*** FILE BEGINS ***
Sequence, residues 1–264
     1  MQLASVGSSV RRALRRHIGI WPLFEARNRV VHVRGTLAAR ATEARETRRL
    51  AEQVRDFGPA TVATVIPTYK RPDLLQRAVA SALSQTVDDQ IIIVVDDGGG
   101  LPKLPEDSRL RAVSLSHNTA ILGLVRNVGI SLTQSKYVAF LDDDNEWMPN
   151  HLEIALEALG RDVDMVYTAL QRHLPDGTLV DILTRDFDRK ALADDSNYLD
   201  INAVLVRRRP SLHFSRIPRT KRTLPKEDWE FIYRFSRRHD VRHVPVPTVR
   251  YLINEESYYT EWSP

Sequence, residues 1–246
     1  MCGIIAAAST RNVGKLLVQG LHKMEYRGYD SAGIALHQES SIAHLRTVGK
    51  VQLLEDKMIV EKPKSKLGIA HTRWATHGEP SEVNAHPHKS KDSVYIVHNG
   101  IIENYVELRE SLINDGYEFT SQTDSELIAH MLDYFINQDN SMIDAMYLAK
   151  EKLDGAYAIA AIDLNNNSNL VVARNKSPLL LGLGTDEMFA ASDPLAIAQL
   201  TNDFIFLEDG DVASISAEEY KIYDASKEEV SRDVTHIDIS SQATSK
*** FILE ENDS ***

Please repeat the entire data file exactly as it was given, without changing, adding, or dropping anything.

Sequence, residues 1–264
     1  MQLASVGSSV RRALRRHIGI WPLFEARNRV VHVRGTLAAR ATEARETRRL
    51  AEQVRDFGPA TVATVIPTYK RPDLLQRAVA SALSQTVDDQ IIIVVDDGGG
   101  LPKLPEDSRL RAVSLSHNTA ILGLVRNVGI SLTQSKYVAF LDDDNEWMPN
   151  HLEIALEALG RDVDMVYTAL QRHLPDGTLV DILTRDFDRK ALADDSNYLD
   201  INAVLVRRRP SLHFSRIPRT KRTLPKEDWE FIYRFSRRHD VRHVPVPTVR
   251  YLINEESYYT EWSP

Sequence, residues 1–246
     1  MCGIIAAAST RNVGKLLVQG LHKMEYRGYD SAGIALHQES SIAHLRTVGK
    51  VQLLEDKMIV EKPKSKLGIA HTRWATHGEP SEVNAHPHKS KDSVYIVHNG
   101  IIENYVELRE SLINDGYEFT SQTDSELIAH MLDYFINQDN SMIDAMYLAK
   151  EKLDGAYAIA AIDLNNNSNL VVARNKSPLL LGLGTDEMFA ASDPLAIAQL
   201  TNDFIFLEDG DVASISAEEY KIYDASKEEV SRDVTHIDIS SQATSK